Fencing Around U.S. Capitol To Be Scaled Back, Officials Say No 'Known, Credible Threat'

The 7-foot-tall barriers have been in place since the Jan. 6 insurrection. Lawmakers from both parties have called for them to be removed.

U.S. Capitol Police will begin scaling back some of the fencing erected around the Capitol, officials announced Monday, saying there is no “known, credible threat against Congress” that warrants the current fortifications.

The acting House sergeant-at-arms, Timothy Blodgett, sent a security memo to lawmakers two months after the deadly Jan. 6 insurrection at the Capitol. Blodgett said authorities would work in partnership with the Capitol architect to reposition an inner ring of fencing closer to the building this week and remove the razor wire on top, and remove the outer perimeter of fencing later this month.

The Capitol complex has been encircled by 7-foot fences since shortly after the riot, when hundreds of Donald Trump’s supporters stormed the halls of Congress. Five people died as a result of the attack, although no lawmakers were harmed.

Blodgett also said that the Capitol Police and National Guard will maintain an increased presence in Washington, but, “based on the current threat posture, it is anticipated that the National Guard will begin to reduce its posture at the Capitol in the coming weeks.”

Lawmakers from both parties have bristled at the barricades and called for them to be scaled back, saying the imposing fortifications were inconvenient and antithetical to the idea of the Capitol as a symbol of democracy.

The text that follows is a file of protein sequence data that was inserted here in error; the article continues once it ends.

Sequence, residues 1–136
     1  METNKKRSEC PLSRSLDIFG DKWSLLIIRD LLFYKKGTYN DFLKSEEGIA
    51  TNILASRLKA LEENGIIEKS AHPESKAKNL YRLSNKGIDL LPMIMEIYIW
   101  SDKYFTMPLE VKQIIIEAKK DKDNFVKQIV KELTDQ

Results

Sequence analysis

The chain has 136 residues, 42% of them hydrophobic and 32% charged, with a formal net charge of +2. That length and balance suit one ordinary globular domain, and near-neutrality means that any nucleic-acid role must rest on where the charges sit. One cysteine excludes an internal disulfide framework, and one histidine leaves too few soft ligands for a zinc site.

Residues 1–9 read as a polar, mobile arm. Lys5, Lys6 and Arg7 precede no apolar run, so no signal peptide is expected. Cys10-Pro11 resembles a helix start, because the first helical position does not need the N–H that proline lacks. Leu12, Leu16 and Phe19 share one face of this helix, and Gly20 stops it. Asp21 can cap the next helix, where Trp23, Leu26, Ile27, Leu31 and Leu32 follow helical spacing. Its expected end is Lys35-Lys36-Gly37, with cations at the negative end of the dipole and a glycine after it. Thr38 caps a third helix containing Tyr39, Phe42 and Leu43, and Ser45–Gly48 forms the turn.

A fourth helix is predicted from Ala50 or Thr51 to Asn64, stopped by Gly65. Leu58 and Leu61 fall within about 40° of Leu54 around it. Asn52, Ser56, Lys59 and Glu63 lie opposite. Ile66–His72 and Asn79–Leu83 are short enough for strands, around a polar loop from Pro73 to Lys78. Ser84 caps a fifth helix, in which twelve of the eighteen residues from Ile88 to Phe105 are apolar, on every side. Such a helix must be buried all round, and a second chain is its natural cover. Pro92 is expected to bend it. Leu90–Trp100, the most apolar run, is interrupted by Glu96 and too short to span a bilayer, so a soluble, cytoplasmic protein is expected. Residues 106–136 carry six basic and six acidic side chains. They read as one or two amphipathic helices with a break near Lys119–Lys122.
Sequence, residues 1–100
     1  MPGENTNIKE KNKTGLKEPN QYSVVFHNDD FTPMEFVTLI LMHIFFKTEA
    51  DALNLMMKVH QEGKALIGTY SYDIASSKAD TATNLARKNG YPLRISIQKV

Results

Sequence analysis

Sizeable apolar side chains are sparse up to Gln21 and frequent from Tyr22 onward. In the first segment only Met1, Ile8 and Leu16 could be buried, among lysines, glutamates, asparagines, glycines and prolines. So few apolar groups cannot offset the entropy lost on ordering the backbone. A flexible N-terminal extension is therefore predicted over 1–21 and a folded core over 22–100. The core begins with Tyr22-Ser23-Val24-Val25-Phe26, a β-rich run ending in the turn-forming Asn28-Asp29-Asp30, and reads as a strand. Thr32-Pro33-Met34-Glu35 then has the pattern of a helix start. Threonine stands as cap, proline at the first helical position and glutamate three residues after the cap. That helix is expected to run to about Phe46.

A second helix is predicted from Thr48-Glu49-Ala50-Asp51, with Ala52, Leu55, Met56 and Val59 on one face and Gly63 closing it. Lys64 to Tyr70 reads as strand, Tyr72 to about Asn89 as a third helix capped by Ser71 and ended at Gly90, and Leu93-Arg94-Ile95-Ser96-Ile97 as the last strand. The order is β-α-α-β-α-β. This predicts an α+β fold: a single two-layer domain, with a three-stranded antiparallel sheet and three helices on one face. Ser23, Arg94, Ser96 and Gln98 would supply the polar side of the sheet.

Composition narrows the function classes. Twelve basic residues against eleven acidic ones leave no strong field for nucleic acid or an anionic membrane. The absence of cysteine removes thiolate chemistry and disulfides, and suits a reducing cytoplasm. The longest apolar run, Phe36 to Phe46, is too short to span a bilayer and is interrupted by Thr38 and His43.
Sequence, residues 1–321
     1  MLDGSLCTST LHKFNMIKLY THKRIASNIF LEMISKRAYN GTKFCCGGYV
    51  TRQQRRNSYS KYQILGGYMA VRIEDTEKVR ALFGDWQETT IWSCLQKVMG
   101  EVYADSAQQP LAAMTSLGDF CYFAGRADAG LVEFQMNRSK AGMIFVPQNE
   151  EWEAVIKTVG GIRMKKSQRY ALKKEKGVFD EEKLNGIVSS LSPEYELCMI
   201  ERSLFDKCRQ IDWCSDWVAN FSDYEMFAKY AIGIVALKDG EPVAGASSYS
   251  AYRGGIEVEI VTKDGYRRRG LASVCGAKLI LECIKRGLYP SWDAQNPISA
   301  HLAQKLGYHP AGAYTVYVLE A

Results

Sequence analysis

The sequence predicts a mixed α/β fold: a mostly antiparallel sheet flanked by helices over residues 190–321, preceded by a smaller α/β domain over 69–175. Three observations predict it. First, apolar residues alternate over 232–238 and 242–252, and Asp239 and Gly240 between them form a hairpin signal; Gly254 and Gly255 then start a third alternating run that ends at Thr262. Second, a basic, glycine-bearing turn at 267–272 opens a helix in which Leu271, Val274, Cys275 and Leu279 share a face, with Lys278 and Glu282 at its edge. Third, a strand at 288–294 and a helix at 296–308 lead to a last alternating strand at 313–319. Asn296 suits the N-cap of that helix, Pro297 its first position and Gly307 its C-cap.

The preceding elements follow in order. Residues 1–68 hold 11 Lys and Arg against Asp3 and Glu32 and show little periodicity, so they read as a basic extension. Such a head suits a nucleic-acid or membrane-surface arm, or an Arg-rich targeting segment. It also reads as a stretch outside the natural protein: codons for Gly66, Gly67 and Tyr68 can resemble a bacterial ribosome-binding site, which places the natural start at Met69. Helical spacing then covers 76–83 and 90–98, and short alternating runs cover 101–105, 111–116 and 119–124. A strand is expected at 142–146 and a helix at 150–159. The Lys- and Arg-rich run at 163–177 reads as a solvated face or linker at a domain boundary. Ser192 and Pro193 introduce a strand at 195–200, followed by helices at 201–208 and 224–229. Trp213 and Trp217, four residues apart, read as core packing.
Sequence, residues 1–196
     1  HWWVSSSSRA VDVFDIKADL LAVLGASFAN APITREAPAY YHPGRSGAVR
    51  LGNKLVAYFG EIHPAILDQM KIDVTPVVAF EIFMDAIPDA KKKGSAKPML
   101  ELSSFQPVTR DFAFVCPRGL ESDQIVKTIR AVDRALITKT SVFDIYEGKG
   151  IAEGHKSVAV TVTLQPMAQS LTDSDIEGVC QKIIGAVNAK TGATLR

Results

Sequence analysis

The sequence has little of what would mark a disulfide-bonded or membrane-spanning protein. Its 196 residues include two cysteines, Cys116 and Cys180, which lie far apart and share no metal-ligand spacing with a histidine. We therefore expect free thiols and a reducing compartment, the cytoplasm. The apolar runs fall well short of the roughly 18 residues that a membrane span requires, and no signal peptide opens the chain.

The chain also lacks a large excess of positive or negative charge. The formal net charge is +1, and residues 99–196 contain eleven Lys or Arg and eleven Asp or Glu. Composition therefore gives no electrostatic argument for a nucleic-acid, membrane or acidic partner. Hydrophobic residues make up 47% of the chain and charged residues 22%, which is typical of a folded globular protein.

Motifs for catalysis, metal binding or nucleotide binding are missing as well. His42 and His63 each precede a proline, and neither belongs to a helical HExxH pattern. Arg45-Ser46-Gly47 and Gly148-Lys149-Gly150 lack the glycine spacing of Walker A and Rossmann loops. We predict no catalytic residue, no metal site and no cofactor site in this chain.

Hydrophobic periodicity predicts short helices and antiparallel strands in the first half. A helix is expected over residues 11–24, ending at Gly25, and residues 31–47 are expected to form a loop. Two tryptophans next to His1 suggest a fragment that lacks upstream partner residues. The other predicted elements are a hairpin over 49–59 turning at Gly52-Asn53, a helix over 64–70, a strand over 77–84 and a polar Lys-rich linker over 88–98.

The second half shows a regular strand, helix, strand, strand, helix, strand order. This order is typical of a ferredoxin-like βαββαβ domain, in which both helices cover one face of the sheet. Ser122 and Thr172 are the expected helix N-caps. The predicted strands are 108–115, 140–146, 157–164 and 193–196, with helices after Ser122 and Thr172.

“As the U.S. Capitol Police continues to build its personnel capacity, there is no doubt that some level of support from the National Guard should remain in the National Capital Region to respond to credible threats against the Capitol,” Reps. Adam Smith (D-Wash.) and Mike Rogers (R-Ala.), the top party members on the House Armed Services Committee, wrote earlier this month in a joint statement. “However, the present security posture is not warranted at this time.”

House Speaker Nancy Pelosi (D-Calif.) wrote a letter to colleagues on Monday saying Capitol Police would continue to monitor for threats, noting plans “will be adjusted if and as needed.” The lawmaker added her remaining priority was moving forward with an “outside 9/11-type Commission, with bipartisan support, to ‘investigate and report on the facts and causes relating to the January 6 domestic terrorist attack upon the Capitol Complex.’”

“We must get to the truth of how the January 6 assault happened, and we must ensure that it cannot happen again,” Pelosi said. “It is essential that we proceed in a bipartisan way in order to have a respected outcome.”

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